Marilyn Geewax

Marilyn Geewax is a senior editor, assigning and editing business radio stories. She also serves as the national economics correspondent for the NPR web site, and regularly discusses economic issues on NPR's mid-day show Here & Now.

Her work contributed to NPR's 2011 Edward R. Murrow Award for hard news for "The Foreclosure Nightmare." Geewax also worked on the foreclosure-crisis coverage that was recognized with a 2009 Heywood Broun Award.

Before joining NPR in 2008, Geewax served as the national economics correspondent for Cox Newspapers' Washington Bureau. Before that, she worked at Cox's flagship paper, the Atlanta Journal-Constitution, first as a business reporter and then as a columnist and editorial board member. She got her start as a business reporter for the Akron Beacon Journal.

Over the years, she has filed news stories from China, Japan, South Africa and Europe. Recently, she headed to Europe to participate in the RIAS German/American Journalist Exchange Program.

Geewax was a Nieman Fellow at Harvard, where she studied economics and international relations. She earned a master's degree at Georgetown University, focusing on international economic affairs, and has a bachelor's degree from The Ohio State University.

She is a member of the National Press Club's Board of Governors and serves on the Global Economic Reporting Initiative Committee for the Society of American Business Editors and Writers.

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5:23pm

Tue February 18, 2014
The Two-Way

CBO: Minimum Wage Hike Could Boost Paychecks – And Cut Jobs

Originally published on Tue February 18, 2014 5:42 pm

Darlene Handy of Baltimore holds up a banner at a rally supporting a pay measure in Maryland. More than 20 states have raised minimum pay rates above the federal level.
Jose Luis Magana AP

Whatever you already believed about raising the federal minimum wage, you now have more ammo for your argument, thanks to a report released Tuesday by the Congressional Budget Office, titled "The Effects of a Minimum-Wage Increase on Employment and Family Income."

Yes, you're right: Raising the wage in steps to $10.10 an hour by 2016 would push employers to cut jobs — about 500,000 of them, says the CBO, the nonpartisan research arm of Congress.

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4:31pm

Thu February 13, 2014
The Two-Way

Many Flights Canceled, But Fewer Fliers Stranded On Tarmac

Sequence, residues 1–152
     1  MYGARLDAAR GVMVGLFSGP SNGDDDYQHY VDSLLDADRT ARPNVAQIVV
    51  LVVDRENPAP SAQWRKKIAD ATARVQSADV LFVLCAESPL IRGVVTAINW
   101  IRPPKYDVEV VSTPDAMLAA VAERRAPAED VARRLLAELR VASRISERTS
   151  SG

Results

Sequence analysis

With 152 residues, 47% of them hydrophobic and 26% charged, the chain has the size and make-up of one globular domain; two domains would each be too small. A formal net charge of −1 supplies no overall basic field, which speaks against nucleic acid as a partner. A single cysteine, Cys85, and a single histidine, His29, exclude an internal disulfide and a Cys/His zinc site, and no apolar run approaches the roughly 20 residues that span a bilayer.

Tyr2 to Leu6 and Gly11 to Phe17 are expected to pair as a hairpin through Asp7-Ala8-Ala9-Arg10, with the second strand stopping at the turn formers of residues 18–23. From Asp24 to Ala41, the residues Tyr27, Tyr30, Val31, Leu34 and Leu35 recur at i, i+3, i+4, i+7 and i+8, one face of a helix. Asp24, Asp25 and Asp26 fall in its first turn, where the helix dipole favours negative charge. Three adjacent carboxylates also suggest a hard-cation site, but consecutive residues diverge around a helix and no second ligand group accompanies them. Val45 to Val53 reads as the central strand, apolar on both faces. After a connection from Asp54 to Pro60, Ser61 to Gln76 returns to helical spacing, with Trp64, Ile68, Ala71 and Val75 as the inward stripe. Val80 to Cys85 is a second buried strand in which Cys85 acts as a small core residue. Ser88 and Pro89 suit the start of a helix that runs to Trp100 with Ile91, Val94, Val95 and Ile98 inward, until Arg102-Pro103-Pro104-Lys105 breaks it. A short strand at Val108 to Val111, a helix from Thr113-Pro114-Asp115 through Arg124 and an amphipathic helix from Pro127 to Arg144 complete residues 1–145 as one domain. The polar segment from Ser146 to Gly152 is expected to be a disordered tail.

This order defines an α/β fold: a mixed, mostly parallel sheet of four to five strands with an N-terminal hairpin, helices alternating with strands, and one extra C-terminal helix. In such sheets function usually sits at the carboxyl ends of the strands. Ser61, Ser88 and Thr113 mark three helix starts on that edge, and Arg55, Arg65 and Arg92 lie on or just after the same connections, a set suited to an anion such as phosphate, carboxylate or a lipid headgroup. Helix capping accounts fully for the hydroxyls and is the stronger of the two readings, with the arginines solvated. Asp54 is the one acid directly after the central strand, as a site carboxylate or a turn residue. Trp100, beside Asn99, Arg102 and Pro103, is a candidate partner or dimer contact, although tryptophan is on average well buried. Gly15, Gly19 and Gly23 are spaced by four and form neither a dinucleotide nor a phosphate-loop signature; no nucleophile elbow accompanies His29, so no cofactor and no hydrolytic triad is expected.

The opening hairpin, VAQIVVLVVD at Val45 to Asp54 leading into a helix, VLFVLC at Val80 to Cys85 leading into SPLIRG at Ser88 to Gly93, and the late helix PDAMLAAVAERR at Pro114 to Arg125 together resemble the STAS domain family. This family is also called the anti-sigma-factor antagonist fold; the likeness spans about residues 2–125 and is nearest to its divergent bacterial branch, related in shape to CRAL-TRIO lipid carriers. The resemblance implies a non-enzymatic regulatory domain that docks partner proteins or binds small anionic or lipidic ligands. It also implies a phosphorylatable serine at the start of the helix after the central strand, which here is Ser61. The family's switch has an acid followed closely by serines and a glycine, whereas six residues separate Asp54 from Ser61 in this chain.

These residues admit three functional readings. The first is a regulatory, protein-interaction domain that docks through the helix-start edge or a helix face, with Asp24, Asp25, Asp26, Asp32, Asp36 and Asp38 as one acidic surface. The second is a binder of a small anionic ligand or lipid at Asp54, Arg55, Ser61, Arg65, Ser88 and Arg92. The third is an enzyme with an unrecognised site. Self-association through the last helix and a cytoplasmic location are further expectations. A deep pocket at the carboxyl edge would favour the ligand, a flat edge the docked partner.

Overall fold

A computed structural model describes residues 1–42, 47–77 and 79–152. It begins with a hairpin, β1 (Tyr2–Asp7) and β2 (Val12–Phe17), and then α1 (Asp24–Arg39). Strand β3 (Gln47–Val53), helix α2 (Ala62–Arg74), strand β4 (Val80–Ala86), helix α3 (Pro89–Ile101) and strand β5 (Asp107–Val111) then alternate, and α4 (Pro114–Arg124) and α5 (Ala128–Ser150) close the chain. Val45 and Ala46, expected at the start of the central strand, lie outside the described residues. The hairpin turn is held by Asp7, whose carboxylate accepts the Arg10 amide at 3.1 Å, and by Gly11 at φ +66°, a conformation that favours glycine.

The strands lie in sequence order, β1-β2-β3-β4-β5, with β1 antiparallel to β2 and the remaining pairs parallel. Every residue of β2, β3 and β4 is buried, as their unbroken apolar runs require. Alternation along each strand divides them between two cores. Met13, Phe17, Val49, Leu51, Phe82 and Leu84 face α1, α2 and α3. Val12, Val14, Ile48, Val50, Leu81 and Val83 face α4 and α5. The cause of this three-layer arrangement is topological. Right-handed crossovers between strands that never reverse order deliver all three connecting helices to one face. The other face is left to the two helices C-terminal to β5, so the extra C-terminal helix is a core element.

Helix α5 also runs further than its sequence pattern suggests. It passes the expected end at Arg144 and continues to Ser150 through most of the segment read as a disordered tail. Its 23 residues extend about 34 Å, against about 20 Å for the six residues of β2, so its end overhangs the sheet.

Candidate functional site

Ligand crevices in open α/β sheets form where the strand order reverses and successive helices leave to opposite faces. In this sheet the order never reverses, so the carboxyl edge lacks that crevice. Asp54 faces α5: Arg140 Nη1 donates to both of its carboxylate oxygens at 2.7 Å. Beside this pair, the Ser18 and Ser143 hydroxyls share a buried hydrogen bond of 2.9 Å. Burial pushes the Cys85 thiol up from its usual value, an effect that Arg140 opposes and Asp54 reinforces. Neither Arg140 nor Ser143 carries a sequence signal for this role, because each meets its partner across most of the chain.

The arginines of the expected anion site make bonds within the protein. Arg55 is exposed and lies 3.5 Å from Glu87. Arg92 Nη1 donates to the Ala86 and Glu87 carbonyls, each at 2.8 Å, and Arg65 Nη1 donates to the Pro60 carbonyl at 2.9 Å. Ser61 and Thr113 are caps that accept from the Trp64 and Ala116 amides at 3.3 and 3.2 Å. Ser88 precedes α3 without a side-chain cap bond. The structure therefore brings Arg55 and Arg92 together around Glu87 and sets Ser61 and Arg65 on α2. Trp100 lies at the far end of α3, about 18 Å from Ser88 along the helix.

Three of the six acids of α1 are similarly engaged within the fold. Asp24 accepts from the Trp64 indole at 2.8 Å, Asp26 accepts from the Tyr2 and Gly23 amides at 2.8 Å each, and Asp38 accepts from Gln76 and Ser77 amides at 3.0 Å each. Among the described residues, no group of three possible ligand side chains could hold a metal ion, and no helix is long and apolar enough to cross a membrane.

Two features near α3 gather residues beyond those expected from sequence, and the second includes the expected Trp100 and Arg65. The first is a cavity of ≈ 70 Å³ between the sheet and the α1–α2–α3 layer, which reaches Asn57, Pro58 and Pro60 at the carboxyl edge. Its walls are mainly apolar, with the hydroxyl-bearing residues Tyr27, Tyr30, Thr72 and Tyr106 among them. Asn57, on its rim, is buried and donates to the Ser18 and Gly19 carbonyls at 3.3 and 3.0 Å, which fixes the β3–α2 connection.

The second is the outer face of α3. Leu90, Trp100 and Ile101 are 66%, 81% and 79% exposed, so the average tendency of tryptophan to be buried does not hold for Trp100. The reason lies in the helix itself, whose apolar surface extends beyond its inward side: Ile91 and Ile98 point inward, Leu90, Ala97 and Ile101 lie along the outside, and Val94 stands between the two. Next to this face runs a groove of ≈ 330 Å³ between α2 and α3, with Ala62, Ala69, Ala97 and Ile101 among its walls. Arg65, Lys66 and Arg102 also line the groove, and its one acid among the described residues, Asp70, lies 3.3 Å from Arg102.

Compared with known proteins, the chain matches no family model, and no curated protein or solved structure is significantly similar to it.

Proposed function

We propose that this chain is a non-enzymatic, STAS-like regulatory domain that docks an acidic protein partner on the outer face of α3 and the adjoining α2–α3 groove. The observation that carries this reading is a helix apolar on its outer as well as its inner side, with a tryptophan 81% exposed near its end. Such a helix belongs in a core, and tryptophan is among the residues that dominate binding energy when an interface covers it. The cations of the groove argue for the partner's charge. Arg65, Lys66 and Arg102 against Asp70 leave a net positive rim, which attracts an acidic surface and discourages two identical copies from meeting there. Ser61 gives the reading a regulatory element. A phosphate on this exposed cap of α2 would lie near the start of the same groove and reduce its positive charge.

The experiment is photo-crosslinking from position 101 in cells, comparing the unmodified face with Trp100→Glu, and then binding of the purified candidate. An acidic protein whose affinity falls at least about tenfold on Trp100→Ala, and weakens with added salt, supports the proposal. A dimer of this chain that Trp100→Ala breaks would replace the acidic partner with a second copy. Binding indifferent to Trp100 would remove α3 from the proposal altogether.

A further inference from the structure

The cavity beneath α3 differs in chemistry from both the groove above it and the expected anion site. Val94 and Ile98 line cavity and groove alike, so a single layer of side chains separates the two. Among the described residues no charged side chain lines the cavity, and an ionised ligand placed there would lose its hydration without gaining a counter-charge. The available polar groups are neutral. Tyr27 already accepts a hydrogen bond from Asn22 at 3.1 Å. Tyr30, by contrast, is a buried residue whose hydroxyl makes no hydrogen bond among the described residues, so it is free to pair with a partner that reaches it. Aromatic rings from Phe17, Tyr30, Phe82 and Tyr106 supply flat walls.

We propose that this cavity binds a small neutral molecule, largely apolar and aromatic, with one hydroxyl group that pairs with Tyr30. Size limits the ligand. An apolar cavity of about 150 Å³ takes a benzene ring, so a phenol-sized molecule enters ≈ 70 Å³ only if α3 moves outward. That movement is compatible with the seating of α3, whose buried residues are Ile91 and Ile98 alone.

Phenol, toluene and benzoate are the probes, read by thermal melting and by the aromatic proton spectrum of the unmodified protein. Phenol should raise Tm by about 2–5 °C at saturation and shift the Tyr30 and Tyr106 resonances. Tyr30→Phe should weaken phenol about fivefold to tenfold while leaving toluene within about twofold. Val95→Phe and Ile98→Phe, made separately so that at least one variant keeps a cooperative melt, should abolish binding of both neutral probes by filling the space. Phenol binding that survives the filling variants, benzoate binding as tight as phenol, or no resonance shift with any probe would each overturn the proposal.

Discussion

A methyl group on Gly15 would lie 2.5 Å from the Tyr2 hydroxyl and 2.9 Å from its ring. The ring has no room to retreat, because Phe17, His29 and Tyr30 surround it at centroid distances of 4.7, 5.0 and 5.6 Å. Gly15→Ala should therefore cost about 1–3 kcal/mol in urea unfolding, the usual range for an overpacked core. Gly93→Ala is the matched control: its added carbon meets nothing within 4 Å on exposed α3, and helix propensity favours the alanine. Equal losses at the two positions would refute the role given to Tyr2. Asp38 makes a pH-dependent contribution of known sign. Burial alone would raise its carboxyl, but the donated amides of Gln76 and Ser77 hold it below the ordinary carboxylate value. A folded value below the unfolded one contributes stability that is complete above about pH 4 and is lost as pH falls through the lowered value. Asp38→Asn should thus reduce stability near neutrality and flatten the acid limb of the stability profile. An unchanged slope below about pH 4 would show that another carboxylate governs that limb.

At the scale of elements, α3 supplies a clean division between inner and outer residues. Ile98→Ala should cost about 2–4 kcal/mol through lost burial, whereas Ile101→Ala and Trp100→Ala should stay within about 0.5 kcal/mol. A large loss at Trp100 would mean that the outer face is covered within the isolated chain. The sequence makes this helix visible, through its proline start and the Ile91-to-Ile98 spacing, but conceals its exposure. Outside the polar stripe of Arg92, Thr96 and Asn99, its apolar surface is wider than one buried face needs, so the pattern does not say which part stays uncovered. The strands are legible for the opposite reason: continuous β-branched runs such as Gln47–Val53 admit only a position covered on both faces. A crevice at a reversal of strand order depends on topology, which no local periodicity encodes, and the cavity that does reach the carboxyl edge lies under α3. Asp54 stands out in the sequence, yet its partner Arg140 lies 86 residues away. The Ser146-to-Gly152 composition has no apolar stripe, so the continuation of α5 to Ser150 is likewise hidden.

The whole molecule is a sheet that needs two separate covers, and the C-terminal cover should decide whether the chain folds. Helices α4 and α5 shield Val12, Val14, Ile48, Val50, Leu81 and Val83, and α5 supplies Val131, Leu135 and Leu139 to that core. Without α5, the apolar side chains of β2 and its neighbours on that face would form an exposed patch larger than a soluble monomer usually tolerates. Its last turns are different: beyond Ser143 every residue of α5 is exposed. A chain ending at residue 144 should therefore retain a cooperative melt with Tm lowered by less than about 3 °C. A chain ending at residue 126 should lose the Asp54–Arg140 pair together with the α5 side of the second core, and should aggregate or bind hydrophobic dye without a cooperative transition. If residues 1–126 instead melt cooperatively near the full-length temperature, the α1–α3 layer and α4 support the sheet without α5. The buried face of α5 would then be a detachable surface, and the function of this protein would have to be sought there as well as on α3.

Originally published on Thu February 20, 2014 12:43 pm

Passengers wait in line at Hartsfield-Jackson International Airport on Thursday. A major snowstorm has delayed flights from Atlanta to New York.
David Tulis AP

Would-be air travelers sitting at home may be frustrated about their canceled plans. But most likely, they are happier than they would have been had they gotten trapped on an icy tarmac.

And that used to happen many hundreds of times a year before the Department of Transportation stepped in to reduce the frequency of passenger incarcerations.

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3:40pm

Fri February 7, 2014
Business

Disappointing Jobs Data May Point To A Tougher 2014

Originally published on Fri February 7, 2014 5:03 pm

Job seekers sign in before meeting prospective employers during a career fair at a hotel in Dallas last month.
LM Otero AP

Friday's unemployment report confirmed what many workers already had suspected: Five years after the job market plunged off a cliff, the climb back remains a tough slog.

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2:38pm

Wed February 5, 2014
Business

Which Way For Stocks? Investors Watch 'Worry Index' For Clues

Originally published on Wed February 5, 2014 4:42 pm

Traders work on the floor of the New York Stock Exchange on Tuesday afternoon.
Andrew Burton Getty Images

Anyone who invests in the stock market knows share prices can go up — and down. That's why they call it a market.

Still, this year, price movements have been fast and furious — shocking investors and prompting many to fear "volatility."

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11:14am

Tue February 4, 2014
The Two-Way

U.S. Borrowing Is Less Of An Economic Worry, At Least For Now

Stock investors looking for a reason to feel optimistic about the economy may have found one this morning.

A new report shows the federal budget deficit has done some mad shrinking in recent years. Thanks to spending cuts, tax hikes and a stronger economy, the deficit in this fiscal year will be only $514 billion, the nonpartisan Congressional Budget Office said Tuesday.

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4:32pm

Mon February 3, 2014
The Two-Way

Stocks Head Lower; Investors Wonder What's Next

Originally published on Mon February 3, 2014 5:44 pm

Traders work on the floor of the New York Stock Exchange at the end of the trading day on Monday in New York City.
Spencer Platt Getty Images

If your New Year's resolution was, "I am going to prepare for retirement by moving my savings into stocks," then you must be very sad now.

Broncos-fan-level sad.

On Monday, the Dow Jones industrial average plunged an additional 326 points, down about 2 percent to 15,373. That was the seventh triple-digit drop so far this year. Back on Dec. 31, the Dow was at 16,577.

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2:25pm

Sat February 1, 2014
Energy

'A Global Bathtub': Rethinking The U.S. Oil Export Ban

Originally published on Mon February 3, 2014 9:00 am

A pipeline carries oil at the federal Strategic Petroleum Reserve facility near Beaumont, Texas. U.S. oil companies are urging an end to a 1970s-era ban on oil exports.
Joe Raedle Getty Images

When oil supplies ran short and gasoline prices spiked four decades ago, angry drivers demanded relief. Congress responded in 1975 by banning most exports of U.S. crude oil.